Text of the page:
A problem which has long plagued this design of pot support (it is NOT original by any means) is how do you link the legs together, in a non-wobbly manner, without incurring a lot of weight or vast tricky fiddles. I tried sprung metals designs as shown here, and I also tried some light coil springs of exactly the right internal diameter (ID). The coil springs worked rather well when I got them with exactly the right ID, but it was hard getting them on the legs. It would be better to have something which was easier to assemble, at least for the third joint. That’s the one you need to undo to pack the lot down flat.
You may note that the front (3rd) joint in the photo is a very small aluminum spring clip (MYOG of course). That makes opening the tripod out and packing it down easy. True, that joint is not as proof against wobbles as the other two, but with the only minor care, I found the other two were sufficient for stability. In effect, the other two braced the front joint. But I was not happy with these ideas.
My preferred solution for linking the legs together is to use short lengths of thick-walled silicone rubber tubing (~3 mm ID), as shown in the previous photo. The Ti wire is not very heat-conductive, and the silicone rubber compound can take a lot of heat (more than most plastics). I found that the silicone rubber sleeves have no problems at all if placed near the bottom ends of the legs. In fact, I found the bottom ends of the legs only got “warm” in normal use. If you make each sleeve of tubing about .79 – .98 in, (20 – 25 mm) long they cut out almost all wobble but are not too heavy. The tubing is flexible but elastic: you can push it around a bit, including over bends in the Ti wire. The third joint in the design as shown has to be separable if you want to fold the tripod up for packing.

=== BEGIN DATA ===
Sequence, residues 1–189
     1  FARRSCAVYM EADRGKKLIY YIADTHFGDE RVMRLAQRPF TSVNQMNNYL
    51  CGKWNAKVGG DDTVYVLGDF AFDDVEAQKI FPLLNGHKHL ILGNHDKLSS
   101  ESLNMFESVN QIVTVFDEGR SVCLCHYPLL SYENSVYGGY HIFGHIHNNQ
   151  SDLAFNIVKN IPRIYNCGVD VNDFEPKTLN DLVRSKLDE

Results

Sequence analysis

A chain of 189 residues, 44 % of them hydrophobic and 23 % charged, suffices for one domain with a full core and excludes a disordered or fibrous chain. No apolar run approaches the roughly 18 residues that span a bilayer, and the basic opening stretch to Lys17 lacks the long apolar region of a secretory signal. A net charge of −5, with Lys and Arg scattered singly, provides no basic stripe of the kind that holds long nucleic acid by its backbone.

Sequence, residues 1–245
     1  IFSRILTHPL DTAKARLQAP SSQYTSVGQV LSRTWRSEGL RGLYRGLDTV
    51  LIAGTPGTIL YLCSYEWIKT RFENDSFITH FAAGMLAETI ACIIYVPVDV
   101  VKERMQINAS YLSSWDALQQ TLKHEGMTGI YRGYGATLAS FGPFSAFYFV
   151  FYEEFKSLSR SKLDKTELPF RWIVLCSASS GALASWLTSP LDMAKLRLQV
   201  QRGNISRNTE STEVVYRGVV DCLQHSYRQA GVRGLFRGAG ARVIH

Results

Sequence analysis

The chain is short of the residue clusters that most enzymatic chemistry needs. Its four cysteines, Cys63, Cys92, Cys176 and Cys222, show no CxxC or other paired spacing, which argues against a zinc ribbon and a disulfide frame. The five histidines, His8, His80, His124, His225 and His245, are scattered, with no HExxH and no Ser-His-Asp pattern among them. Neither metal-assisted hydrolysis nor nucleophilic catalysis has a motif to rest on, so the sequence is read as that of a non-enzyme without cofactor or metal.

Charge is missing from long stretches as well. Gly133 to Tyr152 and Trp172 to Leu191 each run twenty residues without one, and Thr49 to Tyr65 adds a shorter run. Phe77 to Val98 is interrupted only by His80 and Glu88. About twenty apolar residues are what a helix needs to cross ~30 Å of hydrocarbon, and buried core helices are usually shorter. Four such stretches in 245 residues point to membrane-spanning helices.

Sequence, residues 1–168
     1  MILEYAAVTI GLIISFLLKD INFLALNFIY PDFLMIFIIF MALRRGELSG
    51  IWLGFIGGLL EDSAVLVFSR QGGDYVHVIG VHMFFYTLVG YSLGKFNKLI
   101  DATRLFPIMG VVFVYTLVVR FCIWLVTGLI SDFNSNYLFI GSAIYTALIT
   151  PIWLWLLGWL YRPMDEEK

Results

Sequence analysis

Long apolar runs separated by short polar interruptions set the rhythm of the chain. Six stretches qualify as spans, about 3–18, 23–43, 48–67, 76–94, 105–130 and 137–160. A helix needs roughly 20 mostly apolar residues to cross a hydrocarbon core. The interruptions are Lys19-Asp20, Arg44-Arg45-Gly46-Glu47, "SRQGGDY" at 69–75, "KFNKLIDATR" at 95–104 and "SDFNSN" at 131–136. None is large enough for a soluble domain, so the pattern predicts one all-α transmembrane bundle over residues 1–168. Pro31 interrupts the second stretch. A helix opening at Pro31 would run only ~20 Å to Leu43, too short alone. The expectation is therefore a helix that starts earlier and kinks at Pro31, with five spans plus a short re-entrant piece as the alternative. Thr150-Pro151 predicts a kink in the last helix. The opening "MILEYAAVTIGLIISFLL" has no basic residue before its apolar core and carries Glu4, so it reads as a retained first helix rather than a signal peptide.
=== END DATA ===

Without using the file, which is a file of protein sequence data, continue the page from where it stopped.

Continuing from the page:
However, while this tripod could be quite stable on soil and some other surfaces, there is nothing to stop it from moving across a base board and off onto (into?) the snow. Or maybe one joint could sink into the soil a bit, tipping the whole lot sideways. OK, you would have to be doing something a shade silly for this to happen, but late at night when you tired, mistakes can happen. I don’t like mistakes with stoves.